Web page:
Crosspostings.

These got on my myspace blog but not here . Myspace is ugly as shit but I’m to damned lazy to find a “skin” or tweek my blog appearance. Bless you blogger for doing all the hard work for me.

So Wrong….

I think Heroes is a great show, better and more atmospheric than Lost is (or has been since season 1). For those that don’t know one of the characters on Heroes is a HS cheerleader who has a Wolverinesque healing factor and that brings me to the following link.

Harry Knowles endorses Heroes This is from the ever churning cesspool of fanboy bitchfests that is Aintitcoolnews.com. It is kind of funny in sick perverted way. The depravity of man knows no bounds. Click the link.

Friday, November 10, 2006

The Winter Soldier…Cap at his best?

Well….in between things at work and am I using the down time to do school work….no…I’m putzing around myspace wasting time. Anyhoo I though I had some stuff to post about so here I am.

There is a long running joke (or was I suppose) for Marvel comics fans that the only character to stay dead, for reals, was Bucky (former sidekick to Captain America). That all changed a year or two ago with the Winter Soldier storyline. I picked up the first trade (Captain America: Winter Soldier Vol. 1) a few months ago and despite the sacrilegious horror it induced found it an enjoyable read. Ed Brubaker’s depiction of the Captain is one that is tired, conflicted, and angry and often seemingly at odds with his superiors. A man dissatisfied with his nation as it stands and apparently unable to see the very ideals he believed in when the skinny Steve Rogers walked into the recruitment office oh so many years ago.

The Captain’s emotional turmoil is only heightened by the reemergence of Red Skull and the strangely familiar visage of the Winter Soldier. Vol. 1 is a solid read with great art that ends with as many questions as answers. There is still some doubt that the Winter Soldier might not be Bucky; that is until Vol. 2. Brubaker maintains a consistent characterization of Cap but some of the storytelling elements here are a little annoying, most notably the exposition heavy issue that reveals how Bucky (yes it is indeed Bucky) came to be the Winter Soldier. It was sort of a dissatisfying conclusion to what could have been a real cool moment in Marvel Comics history.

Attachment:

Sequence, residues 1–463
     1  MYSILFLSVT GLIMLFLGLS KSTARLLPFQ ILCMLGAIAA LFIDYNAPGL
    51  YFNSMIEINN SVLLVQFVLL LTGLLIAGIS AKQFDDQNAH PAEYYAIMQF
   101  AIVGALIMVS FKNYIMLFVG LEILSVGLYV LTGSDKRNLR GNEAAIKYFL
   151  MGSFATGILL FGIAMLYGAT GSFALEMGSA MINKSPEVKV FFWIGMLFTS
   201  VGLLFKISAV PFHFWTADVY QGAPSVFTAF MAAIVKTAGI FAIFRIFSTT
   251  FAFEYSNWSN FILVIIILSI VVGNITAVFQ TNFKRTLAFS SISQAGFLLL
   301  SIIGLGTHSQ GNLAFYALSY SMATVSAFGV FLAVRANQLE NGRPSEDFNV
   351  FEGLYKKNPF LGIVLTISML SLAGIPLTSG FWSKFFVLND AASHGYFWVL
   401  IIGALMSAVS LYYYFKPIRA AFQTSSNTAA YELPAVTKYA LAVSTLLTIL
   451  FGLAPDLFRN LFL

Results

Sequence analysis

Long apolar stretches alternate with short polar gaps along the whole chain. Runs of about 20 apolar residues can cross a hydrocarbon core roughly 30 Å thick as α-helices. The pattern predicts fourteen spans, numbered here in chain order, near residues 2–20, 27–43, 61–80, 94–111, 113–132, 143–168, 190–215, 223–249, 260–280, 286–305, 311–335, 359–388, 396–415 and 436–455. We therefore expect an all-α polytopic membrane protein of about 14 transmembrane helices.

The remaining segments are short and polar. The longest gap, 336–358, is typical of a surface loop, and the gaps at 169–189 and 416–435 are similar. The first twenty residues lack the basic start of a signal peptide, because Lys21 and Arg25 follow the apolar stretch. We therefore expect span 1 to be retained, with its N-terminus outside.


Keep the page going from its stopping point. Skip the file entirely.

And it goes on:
Like Robin the Bucky character was one that makes little sense. The Captain was a soldier fighting in WWII and there is no real reason why he should be accompanied by a kid sidekick. What the Winter Soldier series reveal is a rather fun element to the Bucky/Cap relationship. Cap was the flag, the ideal, the symbol. Bucky was the truth, the dark underbelly of way. Only 16, he lied during enlistment, Bucky was Spec Ops, trained by the British S.A.S., he did the dirty, bloody work that would otherwise soil Cap’s pristine Red, White, and Blue. While I doubt this is believable within the context of the original Cap stories it is, I think, an entertaining retcon that fleshes out what was essentially a flat character. Anyway Brubaker’s wonderfully human interpretation of Cap, very much a product of the post 9/11 world, is a surprisingly compelling character who reflects the conflicting emotions of the American people as a whole (or at the least, this American person). He is an icon, yeah, but he is a person and he hurts in the same way the rest of the nation hurts. Anyway if you’re interested reading a very well portrayed and believable version of the Captain than go ahead and pick up the Winter Soldier trades.

Anyhoo…lunch time. At a later date I plan on posting about Pride of Bagdad, and Civil War.

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